Writer's success continues with 'Frost/Nixon'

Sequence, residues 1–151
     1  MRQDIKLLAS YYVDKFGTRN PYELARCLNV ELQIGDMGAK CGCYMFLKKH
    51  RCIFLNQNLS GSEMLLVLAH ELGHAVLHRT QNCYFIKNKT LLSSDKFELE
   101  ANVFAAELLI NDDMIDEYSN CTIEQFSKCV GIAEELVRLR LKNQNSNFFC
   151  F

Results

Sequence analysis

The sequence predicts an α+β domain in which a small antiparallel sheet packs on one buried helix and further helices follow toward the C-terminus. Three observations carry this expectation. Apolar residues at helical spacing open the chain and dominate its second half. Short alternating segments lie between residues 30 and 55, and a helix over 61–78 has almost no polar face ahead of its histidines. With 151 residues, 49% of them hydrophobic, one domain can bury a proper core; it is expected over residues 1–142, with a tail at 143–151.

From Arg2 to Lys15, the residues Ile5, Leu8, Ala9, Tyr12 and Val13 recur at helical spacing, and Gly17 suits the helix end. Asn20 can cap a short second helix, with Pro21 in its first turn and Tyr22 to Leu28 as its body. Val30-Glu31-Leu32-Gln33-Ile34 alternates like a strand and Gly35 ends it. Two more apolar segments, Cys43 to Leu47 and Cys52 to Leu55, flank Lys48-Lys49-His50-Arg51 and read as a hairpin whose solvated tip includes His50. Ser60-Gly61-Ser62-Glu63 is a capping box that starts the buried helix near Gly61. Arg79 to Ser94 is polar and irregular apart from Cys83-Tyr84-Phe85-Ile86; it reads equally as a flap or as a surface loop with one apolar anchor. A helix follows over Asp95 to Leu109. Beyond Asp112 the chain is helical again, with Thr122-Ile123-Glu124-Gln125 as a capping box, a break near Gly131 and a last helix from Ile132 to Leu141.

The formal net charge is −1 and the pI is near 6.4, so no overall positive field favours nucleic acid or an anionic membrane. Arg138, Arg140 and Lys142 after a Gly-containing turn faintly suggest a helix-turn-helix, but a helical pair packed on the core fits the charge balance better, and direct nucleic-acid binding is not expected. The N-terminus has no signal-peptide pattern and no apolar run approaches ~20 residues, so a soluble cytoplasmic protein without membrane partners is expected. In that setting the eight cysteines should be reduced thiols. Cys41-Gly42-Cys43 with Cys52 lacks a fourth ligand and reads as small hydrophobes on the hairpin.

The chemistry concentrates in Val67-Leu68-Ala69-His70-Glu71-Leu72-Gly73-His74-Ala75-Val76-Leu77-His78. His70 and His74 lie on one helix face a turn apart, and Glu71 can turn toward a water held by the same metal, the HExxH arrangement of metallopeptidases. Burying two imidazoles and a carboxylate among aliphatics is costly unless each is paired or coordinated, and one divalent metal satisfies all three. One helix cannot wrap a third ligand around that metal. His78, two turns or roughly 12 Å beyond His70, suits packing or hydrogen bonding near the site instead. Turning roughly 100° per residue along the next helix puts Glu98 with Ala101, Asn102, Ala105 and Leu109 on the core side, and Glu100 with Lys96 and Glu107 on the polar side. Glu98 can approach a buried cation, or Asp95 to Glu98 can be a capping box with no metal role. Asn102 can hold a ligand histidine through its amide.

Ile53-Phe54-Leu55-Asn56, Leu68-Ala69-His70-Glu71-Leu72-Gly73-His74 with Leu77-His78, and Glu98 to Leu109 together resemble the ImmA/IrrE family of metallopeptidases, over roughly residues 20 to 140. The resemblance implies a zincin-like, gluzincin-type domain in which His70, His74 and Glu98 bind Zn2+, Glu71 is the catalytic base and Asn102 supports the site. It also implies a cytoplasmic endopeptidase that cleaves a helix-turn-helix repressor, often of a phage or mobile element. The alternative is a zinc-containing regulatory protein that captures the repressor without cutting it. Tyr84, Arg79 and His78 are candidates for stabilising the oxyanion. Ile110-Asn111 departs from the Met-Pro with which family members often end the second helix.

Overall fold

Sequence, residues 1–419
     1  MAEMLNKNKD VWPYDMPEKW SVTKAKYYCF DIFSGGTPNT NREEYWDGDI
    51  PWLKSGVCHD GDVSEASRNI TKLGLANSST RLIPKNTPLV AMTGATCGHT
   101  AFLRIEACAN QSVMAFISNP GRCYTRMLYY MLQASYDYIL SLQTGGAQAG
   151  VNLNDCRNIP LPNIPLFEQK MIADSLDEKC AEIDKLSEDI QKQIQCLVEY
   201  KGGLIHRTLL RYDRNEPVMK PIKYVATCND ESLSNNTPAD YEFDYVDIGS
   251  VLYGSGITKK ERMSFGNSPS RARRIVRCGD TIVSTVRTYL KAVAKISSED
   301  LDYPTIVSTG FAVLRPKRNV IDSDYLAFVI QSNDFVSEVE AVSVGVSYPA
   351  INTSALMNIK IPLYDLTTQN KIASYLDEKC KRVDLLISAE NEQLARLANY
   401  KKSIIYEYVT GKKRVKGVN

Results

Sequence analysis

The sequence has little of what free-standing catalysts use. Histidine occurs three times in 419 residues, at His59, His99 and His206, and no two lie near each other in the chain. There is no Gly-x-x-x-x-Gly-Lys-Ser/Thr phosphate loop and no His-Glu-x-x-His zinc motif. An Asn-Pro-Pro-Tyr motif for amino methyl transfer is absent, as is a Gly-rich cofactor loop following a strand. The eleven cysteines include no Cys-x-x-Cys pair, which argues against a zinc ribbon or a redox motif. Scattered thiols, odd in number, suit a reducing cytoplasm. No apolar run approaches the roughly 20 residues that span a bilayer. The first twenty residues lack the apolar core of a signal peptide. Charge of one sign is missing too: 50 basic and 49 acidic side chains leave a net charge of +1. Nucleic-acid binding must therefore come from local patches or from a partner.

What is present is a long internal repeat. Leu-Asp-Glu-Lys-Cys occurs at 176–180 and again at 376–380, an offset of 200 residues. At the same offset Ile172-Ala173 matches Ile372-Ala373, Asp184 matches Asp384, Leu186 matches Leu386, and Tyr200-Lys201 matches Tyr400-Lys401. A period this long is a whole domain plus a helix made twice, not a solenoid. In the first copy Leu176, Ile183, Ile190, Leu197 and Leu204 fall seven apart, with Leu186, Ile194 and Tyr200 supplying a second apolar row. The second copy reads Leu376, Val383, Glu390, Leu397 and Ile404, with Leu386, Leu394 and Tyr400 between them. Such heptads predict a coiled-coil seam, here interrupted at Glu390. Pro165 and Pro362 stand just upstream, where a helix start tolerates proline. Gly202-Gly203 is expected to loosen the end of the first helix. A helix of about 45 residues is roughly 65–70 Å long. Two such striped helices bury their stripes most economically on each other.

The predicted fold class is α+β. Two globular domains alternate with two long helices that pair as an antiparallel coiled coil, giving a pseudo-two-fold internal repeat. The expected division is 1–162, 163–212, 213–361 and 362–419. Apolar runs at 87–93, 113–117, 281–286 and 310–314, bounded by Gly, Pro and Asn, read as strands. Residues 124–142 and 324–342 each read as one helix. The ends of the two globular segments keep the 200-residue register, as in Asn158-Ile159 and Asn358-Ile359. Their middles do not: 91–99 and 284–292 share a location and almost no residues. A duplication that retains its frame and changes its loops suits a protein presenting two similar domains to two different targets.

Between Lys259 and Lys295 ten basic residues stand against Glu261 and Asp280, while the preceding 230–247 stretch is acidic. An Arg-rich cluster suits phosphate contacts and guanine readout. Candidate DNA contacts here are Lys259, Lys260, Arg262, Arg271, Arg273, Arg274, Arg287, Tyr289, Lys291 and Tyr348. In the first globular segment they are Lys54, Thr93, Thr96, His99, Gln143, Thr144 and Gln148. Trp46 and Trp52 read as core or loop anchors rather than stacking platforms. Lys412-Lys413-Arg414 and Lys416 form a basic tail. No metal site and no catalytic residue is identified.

“Completely terrified.”That’s the way British television and screenwriter Peter Morgan characterizes his state of mind as he counted down the days before “Frost/Nixon” opened at Broadway’s Bernard J. Jacobs Theater. “If I could be a realist, this is somebody’s first play, and I’m just a kind of rookie,” he explains. “I didn’t write ‘Frost/Nixon,’ and say, ‘Here’s my debut for Broadway.’ The whole experience has accelerated out of control.” Pre-opening night jitters aside, Morgan has been having an explosively successful year. Blessed with the ability to breathe vivid dramatic life into historical figures, in addition to “Frost/Nixon,” he’s churned out the Oscar-nominated screenplay for “The Queen” (written in one week), co-authored the screen adaptation of “The Last King of Scotland” and scripted the HBO film “Longford.” When director Stephen Frears postponed the start of shooting of “The Queen,” in a fit of pique, Morgan turned to an idea that he says had been lurking in his mind for a decade — a play about David Frost’s 1977 series of interviews with ex-President Richard Nixon. The resulting “Frost/Nixon” proved an artistic and commercial success during its world premiere at London’s Donmar Warehouse and subsequent West End transfer. Unfazed by the acclaim, Morgan had a clinical reaction to a Wednesday matinee preview at the Jacobs Theater. “I’m intensely self-critical, and maybe I’m just being paranoid, but at the beginning, I said, ‘This is terrible.’ It wasn’t until about halfway through that I realized the audience wasn’t hating it. It sort of creeps up on you like the frog that you put in the water and turn the heat on and you don’t notice it’s cooking.” “Frost/Nixon” is scheduled to end its run on Aug. 13, and before the month is over Ron Howard starts filming Morgan’s screen adaptation of his play with Frank Langella and Michael Sheen repeating their stage roles as Nixon and Frost respectively.